Thursday, March 30

Strange Track at NORAD Control Center (1973) – My UFO Experience

“In winter(?) 1973, I was duty officer at a
control center, Murphy Dome AFS, AK. One of my
techs pointed out to me a strange track he had picked up. I watched it
for a while, deciding how we should classify it or not. It’s speed was
about 2,100 mph, heading about 150 deg. That’s significantly faster than
any jet plane we had data on in our aircraft recognition manuals.

We knew nothing about SR-71’s. It’s possible we had detected one
returning from Siberia. However, we had the flight plans (secret) for
our spy plane missions and normally watched them leaving and returning.
Nothing corresponded to this.

The abnormal appearance of the object’s
“paint” was what I focused on. Our (very primitive) computer could create
synthetic tracks and superimpose them onto our radar screens along with the
(analog) radar. These tracks could be “flown” from a console in another room.
They were used to let us perform simulated intercept missions of our jet
fighters vs “Soviet” aircraft . Given foul weather, it was often not possible
to meet our training requirements for intercepts using real aircraft.

First, the computer simulated “paints” had a recognizably different appearance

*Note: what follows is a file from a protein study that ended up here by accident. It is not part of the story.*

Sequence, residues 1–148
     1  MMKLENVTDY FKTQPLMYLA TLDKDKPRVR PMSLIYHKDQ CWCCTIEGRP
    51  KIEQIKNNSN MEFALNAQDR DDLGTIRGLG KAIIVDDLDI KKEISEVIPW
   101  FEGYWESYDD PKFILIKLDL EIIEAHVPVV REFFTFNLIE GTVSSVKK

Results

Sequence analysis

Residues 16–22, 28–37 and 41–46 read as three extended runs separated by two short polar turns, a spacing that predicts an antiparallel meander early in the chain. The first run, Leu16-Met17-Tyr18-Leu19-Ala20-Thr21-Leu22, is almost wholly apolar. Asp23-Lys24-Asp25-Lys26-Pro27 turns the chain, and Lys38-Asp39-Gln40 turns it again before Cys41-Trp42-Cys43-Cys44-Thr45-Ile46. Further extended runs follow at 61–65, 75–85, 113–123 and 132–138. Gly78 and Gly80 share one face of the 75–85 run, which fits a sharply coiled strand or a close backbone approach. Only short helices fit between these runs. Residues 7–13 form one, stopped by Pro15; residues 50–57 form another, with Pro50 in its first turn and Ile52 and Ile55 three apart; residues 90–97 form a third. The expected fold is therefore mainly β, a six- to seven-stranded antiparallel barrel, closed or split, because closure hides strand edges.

from real radar “paints” (imposed by the laws of physics). Second, there were
“bugs” in the computer software such that it occasionally
spontaneously-generated such tracks, with no one at the console.

This particular track did not look either quite like a real radar “paint” or a
typical synthetic track but more like the latter than the former. It
designated it a “bug” track with slight misgivings.

The thing about such computer generated tracks is that there are no physical
limitations on performance. Such a track could fly at mach 20 and make right
angle turns, etc. In sensor systems, you are never looking at raw focal plane,
etc., data. You are looking at a computer screen at computer processed data. I
would always want to know whether a potential UFO appeared simultaneously on
multiple sensors and/or was seen with the human eye. I’m a little suspicious
that a
Chinese electronic component
may have found its way into some of our systems and could be a source of some
observed phenomena.

Overall, I’m open to whatever hard evidence might show, but as an
astrophysicist and amateur astronomer, I spent a lot of time looking at the
sky. This one, probably explained, incident is the only one I’ve personally
experienced in a lifetime.

PS: There were a good number of
tactical nukes
in AK back then. There were never any tracks focused on these. (Our computer
system displayed all the integrated tracks from all the radars in the Alaska
NORAD region + part of Canada and Siberia.)

Editor’s note: The text in the report above is unedited and presented as it was received. TUFOC has not independently verified the account.